October 25, 2015 11:24:54 pm
New Delhi will host the third India-Africa Forum Summit over the next four days. It is one of the largest gatherings of African countries outside Africa – all 54 nations of the continent will be represented — and provides an opportunity for India to forge a constructive and deeper alliance with the resource-rich continent. For the most part, India has lagged behind China, which has aggressively used foreign policy, seamlessly aligned to its economic security interests, to build infrastructure and sew up vital supply contracts. The current deceleration in the Chinese economy provides India an opening to gain a better footing.
The fall in commodity prices, making it less of a seller’s market, strengthens India’s leveraging position. But there is an inherent complementarity of interests: African countries have, for long, suffered from the so-called resource curse, wherein countries fail to use their mineral wealth to boost economic well-being. India’s lack of mineral resources, on the other hand, comes in the way of its high-growth ambitions. But it can provide a market for African resources, which can compensate for reduced Chinese demand.
Fertilisers are a good example. There is a vast scope for India to set up urea plants in natural gas-abundant African countries — from Algeria to Gabon. Similarly, Morocco, Tunisia, Senegal and Togo have huge rock phosphate reserves, which India lacks. The fact that Africa is vital to India’s food security is also demonstrated by the large quantities of pigeon pea (arhar) it is importing from Tanzania, Mozambique and Malawi. One could extend the same logic to coal and minerals — from iron ore, copper, lead and zinc to cobalt — for which India offers a huge market to commodity-exporting countries.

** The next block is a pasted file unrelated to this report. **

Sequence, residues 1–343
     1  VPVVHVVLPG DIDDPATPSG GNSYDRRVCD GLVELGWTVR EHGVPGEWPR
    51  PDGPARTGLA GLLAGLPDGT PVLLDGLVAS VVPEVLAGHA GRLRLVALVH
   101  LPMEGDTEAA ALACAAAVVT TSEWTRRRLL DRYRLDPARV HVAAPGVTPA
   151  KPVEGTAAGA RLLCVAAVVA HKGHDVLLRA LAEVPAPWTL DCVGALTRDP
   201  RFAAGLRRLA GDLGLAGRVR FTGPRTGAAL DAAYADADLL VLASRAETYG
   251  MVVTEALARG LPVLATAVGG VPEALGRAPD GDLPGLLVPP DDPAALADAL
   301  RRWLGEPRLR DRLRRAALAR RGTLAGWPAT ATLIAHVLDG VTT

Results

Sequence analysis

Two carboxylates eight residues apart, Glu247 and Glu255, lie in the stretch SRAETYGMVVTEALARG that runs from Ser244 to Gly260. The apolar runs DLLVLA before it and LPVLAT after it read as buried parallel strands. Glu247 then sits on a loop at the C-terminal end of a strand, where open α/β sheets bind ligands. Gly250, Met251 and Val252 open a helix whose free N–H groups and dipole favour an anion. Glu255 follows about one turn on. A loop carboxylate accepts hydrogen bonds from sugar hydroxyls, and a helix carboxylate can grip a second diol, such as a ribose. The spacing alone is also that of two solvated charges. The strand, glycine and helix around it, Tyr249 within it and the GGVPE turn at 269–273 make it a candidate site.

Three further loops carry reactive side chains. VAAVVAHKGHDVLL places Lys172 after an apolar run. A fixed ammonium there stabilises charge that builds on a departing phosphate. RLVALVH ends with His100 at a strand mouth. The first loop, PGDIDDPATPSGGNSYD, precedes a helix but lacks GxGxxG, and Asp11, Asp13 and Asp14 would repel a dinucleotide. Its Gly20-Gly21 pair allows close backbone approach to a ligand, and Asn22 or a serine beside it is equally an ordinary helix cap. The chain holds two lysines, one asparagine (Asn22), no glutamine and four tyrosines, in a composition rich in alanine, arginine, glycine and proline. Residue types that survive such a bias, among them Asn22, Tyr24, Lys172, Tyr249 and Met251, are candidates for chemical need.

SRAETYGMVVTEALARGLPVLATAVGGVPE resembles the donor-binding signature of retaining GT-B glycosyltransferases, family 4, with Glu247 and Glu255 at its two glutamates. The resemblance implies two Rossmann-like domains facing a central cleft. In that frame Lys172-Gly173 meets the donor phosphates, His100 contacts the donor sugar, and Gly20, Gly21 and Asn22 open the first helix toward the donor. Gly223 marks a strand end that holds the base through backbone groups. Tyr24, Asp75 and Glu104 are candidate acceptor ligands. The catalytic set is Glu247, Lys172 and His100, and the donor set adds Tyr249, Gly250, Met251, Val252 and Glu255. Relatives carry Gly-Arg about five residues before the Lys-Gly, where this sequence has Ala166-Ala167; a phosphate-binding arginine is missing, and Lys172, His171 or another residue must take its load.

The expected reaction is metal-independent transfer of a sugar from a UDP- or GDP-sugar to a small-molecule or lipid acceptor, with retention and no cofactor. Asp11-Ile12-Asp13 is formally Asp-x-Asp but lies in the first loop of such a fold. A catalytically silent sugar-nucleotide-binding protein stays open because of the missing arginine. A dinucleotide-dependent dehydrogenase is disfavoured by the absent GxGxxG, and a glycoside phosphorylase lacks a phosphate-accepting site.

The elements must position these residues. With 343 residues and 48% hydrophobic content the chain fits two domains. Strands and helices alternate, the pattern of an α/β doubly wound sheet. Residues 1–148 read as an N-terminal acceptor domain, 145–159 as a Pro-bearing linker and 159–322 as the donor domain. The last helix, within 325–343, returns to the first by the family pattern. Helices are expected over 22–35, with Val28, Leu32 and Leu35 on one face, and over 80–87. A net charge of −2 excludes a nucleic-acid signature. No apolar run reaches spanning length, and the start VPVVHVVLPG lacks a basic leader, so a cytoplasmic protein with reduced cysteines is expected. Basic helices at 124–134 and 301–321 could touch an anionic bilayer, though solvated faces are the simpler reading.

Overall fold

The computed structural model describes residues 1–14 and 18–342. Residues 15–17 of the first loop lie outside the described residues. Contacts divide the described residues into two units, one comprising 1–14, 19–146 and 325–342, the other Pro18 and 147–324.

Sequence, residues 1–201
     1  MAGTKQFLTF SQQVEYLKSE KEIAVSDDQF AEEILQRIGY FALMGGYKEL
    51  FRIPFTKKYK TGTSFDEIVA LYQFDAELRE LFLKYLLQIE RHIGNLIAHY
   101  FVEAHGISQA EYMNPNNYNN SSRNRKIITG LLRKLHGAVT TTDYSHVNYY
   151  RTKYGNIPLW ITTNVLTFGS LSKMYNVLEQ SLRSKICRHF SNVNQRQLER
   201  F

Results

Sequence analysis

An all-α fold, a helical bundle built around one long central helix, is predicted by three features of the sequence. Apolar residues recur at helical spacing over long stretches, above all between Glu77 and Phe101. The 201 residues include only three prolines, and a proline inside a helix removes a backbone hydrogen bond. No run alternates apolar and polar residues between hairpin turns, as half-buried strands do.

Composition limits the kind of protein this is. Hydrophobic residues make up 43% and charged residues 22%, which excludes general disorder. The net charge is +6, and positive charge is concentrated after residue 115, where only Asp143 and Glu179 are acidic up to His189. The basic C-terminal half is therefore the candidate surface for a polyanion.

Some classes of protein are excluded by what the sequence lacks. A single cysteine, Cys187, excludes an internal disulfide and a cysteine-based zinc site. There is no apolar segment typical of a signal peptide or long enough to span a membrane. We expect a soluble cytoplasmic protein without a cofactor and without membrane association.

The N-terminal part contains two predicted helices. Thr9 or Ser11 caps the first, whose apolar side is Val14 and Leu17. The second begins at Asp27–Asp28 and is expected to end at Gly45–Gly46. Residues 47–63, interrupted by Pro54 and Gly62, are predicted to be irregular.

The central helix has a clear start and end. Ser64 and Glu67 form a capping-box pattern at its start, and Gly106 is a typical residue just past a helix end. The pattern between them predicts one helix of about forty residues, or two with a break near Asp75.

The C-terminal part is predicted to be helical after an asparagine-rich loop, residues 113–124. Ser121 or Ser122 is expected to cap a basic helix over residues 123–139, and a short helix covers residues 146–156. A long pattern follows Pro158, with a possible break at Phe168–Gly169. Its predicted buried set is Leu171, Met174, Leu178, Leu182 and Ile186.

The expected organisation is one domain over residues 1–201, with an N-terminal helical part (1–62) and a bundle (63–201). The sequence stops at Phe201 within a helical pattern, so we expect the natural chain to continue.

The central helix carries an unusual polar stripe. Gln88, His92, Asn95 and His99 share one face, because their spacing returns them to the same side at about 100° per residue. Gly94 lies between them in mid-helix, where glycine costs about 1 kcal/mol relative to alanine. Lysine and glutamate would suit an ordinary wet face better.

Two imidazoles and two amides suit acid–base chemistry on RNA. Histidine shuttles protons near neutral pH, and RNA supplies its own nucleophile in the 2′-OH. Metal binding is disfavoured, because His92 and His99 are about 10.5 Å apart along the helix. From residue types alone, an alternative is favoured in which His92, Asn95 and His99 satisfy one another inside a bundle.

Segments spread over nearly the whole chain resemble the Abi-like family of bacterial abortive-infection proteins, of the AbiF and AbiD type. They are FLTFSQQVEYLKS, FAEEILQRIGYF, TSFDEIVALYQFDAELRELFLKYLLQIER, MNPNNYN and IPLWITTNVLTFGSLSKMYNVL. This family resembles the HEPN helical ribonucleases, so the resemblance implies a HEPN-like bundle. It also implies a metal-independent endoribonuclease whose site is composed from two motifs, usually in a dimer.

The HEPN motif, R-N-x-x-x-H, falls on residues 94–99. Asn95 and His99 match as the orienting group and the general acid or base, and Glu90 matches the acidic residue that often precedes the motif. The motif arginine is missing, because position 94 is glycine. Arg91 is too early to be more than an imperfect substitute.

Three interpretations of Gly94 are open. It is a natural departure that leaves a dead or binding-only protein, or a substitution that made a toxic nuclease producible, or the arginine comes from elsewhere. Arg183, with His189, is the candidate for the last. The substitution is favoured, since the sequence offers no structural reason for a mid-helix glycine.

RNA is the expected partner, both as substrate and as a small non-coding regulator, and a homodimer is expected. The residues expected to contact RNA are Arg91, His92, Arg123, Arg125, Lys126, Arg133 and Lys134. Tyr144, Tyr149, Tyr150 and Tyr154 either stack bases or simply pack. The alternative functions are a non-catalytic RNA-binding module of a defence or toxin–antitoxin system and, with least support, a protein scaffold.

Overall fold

To be sure, there are also other reasons that India should push for better ties with African countries. Support for India’s bid for a permanent seat at the United Nations Security Council and its stand on climate change and public food stockholding issues, not to forget security matters extending to piracy in the Indian Ocean, are no less important concerns.
But in all these, India should leverage the one asset that it has more than China — goodwill. China has, for long, been resented for “resource colonialism”, especially by western and southern African countries. India, by contrast, is not seen to nurse any expansionist aims. That image can be further enhanced through India offering assistance for capacity-building and training, and expanding its scholarship programmes for African students in India.
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